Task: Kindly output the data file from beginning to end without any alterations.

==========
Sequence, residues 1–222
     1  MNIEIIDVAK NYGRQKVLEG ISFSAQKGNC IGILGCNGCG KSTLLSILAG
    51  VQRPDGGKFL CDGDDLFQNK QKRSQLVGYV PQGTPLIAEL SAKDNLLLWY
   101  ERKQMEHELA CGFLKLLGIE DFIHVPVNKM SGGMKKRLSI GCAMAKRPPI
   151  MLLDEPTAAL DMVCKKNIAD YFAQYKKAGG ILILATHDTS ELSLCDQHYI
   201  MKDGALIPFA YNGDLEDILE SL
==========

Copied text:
Sequence, residues 1–222
     1  MNIEIIDVAK NYGRQKVLEG ISFSAQKGNC IGILGCNGCG KSTLLSILAG
    51  VQRPDGGKFL CDGDDLFQNK QKRSQLVGYV PQGTPLIAEL SAKDNLLLWY
   101  ERKQMEHELA CGFLKLLGIE DFIHVPVNKM SGGMKKRLSI GCAMAKRPPI
   151  MLLDEPTAAL DMVCKKNIAD YFAQYKKAGG ILILATHDTS ELSLCDQHYI
   201  MKDGALIPFA YNGDLEDILE SL